The Golgi apparatus is the main site of glycan biosynthesis in eukaryotes. Better understanding of the membrane topology of the proteins and enzymes involved can impart new mechanistic insights into these processes. Publically available bioinformatic tools provide highly variable predictions of membrane topologies for given proteins. Therefore we devised a non-invasive experimental method by which the membrane topologies of Golgi-resident proteins can be determined in the Golgi apparatus in living tissues. A Golgi marker was used to construct a series of reporters based on the principle of bimolecular fluorescence complementation. The reporters and proteins of interest were recombinantly fused to split halves of yellow fluorescent protein (YFP) and transiently co-expressed with the reporters in the Nicotiana benthamiana leaf tissue. Output signals were binary, showing either the presence or absence of fluorescence with signal morphologies characteristic of the Golgi apparatus and endoplasmic reticulum (ER). The method allows prompt and robust determinations of membrane topologies of Golgi-resident proteins and is termed GO-PROMTO (for GOlgi PROtein Membrane TOpology). We applied GO-PROMTO to examine the topologies of proteins involved in the biosynthesis of plant cell wall polysaccharides including xyloglucan and arabinan. The results suggest the existence of novel biosynthetic mechanisms involving transports of intermediates across Golgi membranes.
We present a database DOOR (Database for prOkaryotic OpeRons) containing computationally predicted operons of all the sequenced prokaryotic genomes. All the operons in DOOR are predicted using our own prediction program, which was ranked to be the best among 14 operon prediction programs by a recent independent review. Currently, the DOOR database contains operons for 675 prokaryotic genomes, and supports a number of search capabilities to facilitate easy access and utilization of the information stored in it.
Querying the database: the database provides a search capability for a user to find desired operons and associated information through multiple querying methods.Searching for similar operons: the database provides a search capability for a user to find operons that have similar composition and structure to a query operon.Prediction of cis-regulatory motifs: the database provides a capability for motif identification in the promoter regions of a user-specified group of possibly coregulated operons, using motif-finding tools.Operons for RNA genes: the database includes operons for RNA genes.OperonWiki: the database provides a wiki page (OperonWiki) to facilitate interactions between users and the developer of the database.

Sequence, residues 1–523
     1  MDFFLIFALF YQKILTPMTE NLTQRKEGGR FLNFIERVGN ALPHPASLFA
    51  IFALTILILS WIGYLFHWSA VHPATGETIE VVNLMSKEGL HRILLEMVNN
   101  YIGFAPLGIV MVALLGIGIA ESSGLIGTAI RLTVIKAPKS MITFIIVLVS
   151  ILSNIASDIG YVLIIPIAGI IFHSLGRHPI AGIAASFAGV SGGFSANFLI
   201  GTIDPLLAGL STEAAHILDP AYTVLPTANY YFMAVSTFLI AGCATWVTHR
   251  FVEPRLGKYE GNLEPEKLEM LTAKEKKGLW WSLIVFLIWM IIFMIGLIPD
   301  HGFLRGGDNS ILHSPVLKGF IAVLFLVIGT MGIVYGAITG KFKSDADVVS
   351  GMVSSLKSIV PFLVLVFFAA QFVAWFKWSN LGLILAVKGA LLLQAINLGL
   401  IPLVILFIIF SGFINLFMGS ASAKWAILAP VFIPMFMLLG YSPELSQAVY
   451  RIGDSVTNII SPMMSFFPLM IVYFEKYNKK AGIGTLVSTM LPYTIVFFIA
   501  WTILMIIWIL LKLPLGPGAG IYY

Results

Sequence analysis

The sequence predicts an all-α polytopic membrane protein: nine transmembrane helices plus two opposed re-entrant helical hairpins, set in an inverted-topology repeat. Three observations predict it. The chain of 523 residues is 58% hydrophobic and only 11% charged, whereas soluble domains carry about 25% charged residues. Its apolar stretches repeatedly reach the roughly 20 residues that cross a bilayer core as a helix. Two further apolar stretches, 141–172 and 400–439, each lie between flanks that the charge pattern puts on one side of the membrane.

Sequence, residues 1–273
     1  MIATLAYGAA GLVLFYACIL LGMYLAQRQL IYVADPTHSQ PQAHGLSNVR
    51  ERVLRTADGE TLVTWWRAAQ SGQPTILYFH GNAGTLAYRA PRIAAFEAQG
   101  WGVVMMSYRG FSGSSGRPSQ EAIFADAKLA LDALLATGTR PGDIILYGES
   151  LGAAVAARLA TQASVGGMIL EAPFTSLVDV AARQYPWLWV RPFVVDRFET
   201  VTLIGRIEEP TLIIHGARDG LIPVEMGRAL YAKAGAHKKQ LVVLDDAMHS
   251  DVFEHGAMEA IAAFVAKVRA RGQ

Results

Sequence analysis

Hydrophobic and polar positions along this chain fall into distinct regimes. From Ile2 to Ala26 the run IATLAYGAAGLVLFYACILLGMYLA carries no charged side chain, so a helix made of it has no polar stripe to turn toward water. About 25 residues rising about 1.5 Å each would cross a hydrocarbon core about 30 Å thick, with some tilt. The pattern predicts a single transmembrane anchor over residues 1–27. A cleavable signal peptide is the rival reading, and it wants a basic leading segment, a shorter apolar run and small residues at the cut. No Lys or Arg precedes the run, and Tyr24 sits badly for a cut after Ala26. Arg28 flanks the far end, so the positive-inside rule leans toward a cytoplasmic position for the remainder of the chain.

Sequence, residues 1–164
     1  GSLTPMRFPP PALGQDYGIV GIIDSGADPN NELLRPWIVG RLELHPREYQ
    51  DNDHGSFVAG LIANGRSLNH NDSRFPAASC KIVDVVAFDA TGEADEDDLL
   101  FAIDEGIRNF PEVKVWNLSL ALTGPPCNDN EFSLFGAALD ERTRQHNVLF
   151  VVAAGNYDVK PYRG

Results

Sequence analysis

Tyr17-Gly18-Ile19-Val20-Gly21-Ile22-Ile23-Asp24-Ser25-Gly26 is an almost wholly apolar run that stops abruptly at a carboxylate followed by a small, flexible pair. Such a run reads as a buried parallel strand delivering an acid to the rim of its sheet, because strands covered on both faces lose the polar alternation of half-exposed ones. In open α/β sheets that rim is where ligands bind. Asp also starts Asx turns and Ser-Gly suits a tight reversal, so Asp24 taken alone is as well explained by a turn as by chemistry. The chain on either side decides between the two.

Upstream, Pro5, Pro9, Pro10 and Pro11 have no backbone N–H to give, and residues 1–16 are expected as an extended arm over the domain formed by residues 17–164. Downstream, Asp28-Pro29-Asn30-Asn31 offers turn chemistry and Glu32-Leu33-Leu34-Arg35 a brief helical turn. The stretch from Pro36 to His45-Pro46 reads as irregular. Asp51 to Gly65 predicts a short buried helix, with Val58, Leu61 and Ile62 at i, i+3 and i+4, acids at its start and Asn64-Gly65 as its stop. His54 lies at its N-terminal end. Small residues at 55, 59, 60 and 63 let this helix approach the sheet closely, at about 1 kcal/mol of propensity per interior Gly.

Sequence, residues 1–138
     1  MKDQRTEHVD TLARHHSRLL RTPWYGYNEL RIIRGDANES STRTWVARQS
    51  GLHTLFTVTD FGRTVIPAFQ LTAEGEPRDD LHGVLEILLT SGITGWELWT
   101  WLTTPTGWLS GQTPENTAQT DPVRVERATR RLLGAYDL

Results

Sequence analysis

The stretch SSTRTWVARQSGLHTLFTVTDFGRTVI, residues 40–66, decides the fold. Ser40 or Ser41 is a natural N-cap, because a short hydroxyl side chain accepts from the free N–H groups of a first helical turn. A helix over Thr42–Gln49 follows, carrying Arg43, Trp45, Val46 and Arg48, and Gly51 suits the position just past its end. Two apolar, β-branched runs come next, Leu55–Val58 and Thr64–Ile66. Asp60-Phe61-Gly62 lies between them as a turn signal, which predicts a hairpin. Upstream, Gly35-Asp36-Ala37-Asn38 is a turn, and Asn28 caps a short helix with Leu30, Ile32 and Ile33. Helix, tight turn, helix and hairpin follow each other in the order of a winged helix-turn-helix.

We believe that DOOR provides a useful resource to many biologists working on bacteria and archaea, which can be accessed at http://csbl1.bmb.uga.edu/OperonDB.
Background: Golgi anti-apoptotic protein (GAAP) is a regulator of intracellular Ca2+ fluxes and apoptosis.
Results: The transmembrane topology of viral GAAP is conserved in human GAAP and BI-1.
Conclusion: GAAPs and BI-1 have a six membrane-spanning topology with cytosolic N and C termini and a C-terminal reentrant loop.
Significance: The topology of the TMBIM family provides valuable structural information on these proteins.
The Golgi anti-apoptotic protein (GAAP) is a hydrophobic Golgi protein that regulates intracellular calcium fluxes and apoptosis. GAAP is highly conserved throughout eukaryotes and some strains of vaccinia virus (VACV) and camelpox virus. Based on sequence, phylogeny, and hydrophobicity, GAAPs were classified within the transmembrane Bax inhibitor-containing motif (TMBIM) family. TMBIM members are anti-apoptotic and were predicted to have seven-transmembrane domains (TMDs). However, topology prediction programs are inconsistent and predicted that GAAP and other TMBIM members have six or seven TMDs. To address this discrepancy, we mapped the transmembrane topology of viral (vGAAP) and human (hGAAP), as well as Bax inhibitor (BI-1). Data presented show a six-, not seven-, transmembrane topology for vGAAP with a putative reentrant loop at the C terminus and both termini located in the cytosol. We find that this topology is also conserved in hGAAP and BI-1. This places the charged C terminus in the cytosol, and mutation of these charged residues in hGAAP ablated its anti-apoptotic function. Given the highly conserved hydrophobicity profile within the TMBIM family and recent phylogenetic data indicating that a GAAP-like protein may have been the ancestral progenitor of a subset of the TMBIM family, we propose that this vGAAP topology may be used as a model for the remainder of the TMBIM family of proteins. The topology described provides valuable information on the structure and function of an important but poorly understood family of proteins.
Animal Viruses; Apoptosis; Calcium; Golgi; Membrane Proteins; Protein Domains